8 people found this helpful
Laser PointReviewed in the United States on September 13, 2019
1.0 out of 5 stars
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I got this movie because of the cast. What could possibly go wrong with John Turturro, Katherine Borowitz, Beverly D'Angelo, Ben Gazzara and so many other fine actors. And if you are part of the theater world this "inside baseball" work may appeal to you.
But no- for me this film was pretentious, self- indulgent, and most critically, boring!!! what elderly relatives used to call " artsy-fartsy".
Really disappointed.
2 people found this helpful
jwReviewed in the United States on May 11, 2019
5.0 out of 5 stars
A rare gem back in my pocket.
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I've been hoping for this to become available through Amazon for years, remembering it as one of my all-time favorite movies, not seen since. The first 30 minutes I thought, what a pretentious theater geek twaddle I must have been! But then it began to deliver, all those threads becoming cloth. This is a love it or hate it movie, and discerning minds will disagree. To love it you must enjoy theater, the craft of it, of the empty space variety; you must be patient...and it doesn't hurt to be a sucker for (imperfect) love. Maybe not even then. But I do.
4 people found this helpful
ArdenulReviewed in the United States on December 10, 2019
5.0 out of 5 stars
What a Gem! And Much Funnier Than Expected
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This movie is worth it for Sarandon and Walken alone. Everybody's doing star turns. It's laugh-out-loud funny in places, and the ending is philosophical and amusing at the same time.

It helps if you know something about theatre (and literature) around 1900 going in. The film doesn't bother to explain things, which might be confusing unless you can just relax and go along for the ride.
2 people found this helpful
Ron BlachmanReviewed in the United States on April 28, 2019
2.0 out of 5 stars
I should have known better
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Great cast but this never engaged me. After 20 or 25 minutes I threw in the towel. Actors doing movies and plays about being actors are the definition of self-indulgence and self-importance. For some people, though this stuff is delicious. Chacun a son gout!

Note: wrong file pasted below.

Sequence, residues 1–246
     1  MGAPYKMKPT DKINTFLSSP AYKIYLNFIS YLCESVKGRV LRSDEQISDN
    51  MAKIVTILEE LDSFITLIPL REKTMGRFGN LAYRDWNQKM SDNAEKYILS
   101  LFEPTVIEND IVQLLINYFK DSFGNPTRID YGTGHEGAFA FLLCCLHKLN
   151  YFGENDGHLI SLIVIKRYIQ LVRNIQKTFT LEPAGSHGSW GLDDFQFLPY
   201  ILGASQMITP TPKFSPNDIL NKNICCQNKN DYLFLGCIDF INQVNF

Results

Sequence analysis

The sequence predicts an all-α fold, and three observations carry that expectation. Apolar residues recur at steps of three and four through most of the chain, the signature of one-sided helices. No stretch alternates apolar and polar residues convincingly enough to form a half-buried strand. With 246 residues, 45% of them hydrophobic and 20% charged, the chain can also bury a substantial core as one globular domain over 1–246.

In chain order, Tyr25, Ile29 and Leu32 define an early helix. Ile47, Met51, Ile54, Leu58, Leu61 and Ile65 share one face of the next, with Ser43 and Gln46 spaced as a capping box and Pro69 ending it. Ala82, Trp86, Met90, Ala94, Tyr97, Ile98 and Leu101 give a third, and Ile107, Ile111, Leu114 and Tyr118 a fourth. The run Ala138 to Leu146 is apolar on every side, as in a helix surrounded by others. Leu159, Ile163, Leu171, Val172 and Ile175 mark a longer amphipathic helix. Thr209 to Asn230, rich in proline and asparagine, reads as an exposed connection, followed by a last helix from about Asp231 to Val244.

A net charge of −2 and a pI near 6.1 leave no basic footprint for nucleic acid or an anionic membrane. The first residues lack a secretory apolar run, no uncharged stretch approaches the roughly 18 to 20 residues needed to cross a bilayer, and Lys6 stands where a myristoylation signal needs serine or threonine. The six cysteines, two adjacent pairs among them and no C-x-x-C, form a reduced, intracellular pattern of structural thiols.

6 people found this helpful
EZReviewed in the United States on October 16, 1999
4.0 out of 5 stars
This is a flawed masterpiece.
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OK, let me make this succinct.... John Turturro has turned out an unusual film that deals with an acting company in an Italian town at the turn of the century. The movie, in true Pirandellian fashion, slides in and out of illusion and reality and focuses on love as the greatest of human foibles and mysteries. Turturro is fine in the lead role as the playwright, but his real-life wife must take top honors for her exquisite and unforgettable performance as a mature and sensitive stage actress. Christopher Walken is hilarious in the role of an aging, homosexual drama critic who, accused of liking nothing at all (actually he likes young men), insists that here are indeed many things he likes: "...chocolate, Caravaggio, revenge..." The film is thoughtful and often incisive, with, regrettably, occasional lapses into the grotesque, which will turn off some viewers. The great scenes, however, will linger in the mind long after the tawdry aspects of this incomparable film are but a dream. Highly recommended to anyone interested in the meaning of theater, in the illusion of stagecraft, in fine acting, in excellent and original writing for the screen. "Bravo" to Turturro for putting this ocular feast together; "Brava" to his extraordinary wife; and "Bravissimi" to all who participated in the creation of this film. And by the way: how refreshing to watch a distinguished film about Italians without a single mention of the Mafia!
31 people found this helpful
JoannaReviewed in the United States on May 29, 2012
4.0 out of 5 stars
Illuminating Illuminata
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A delightful surprise - 'Illuminata' is a magical realist tragicomedy regarding a troup of late 19th century actors set in an undisclose location...It's a picaresque misadventure with the emphasis on the MAGIC in magical realism!
It's full of stunning images, halucinations, hilarity and high jinx. John Tuturro. Christopher Walken, Susan Sarandon and Rufus Sewell are all magnetic as an egocentric playwrite, an unhappy but flamboyent theatre critic, an actress in her middle years still playing 19 year old virgins, and a ham who's sexual shenanigans are as outragious as his on stage performances.
I recommend this film highly for any adult who wants to be beguiled and enchanted by this films unexpected charm.
4 people found this helpful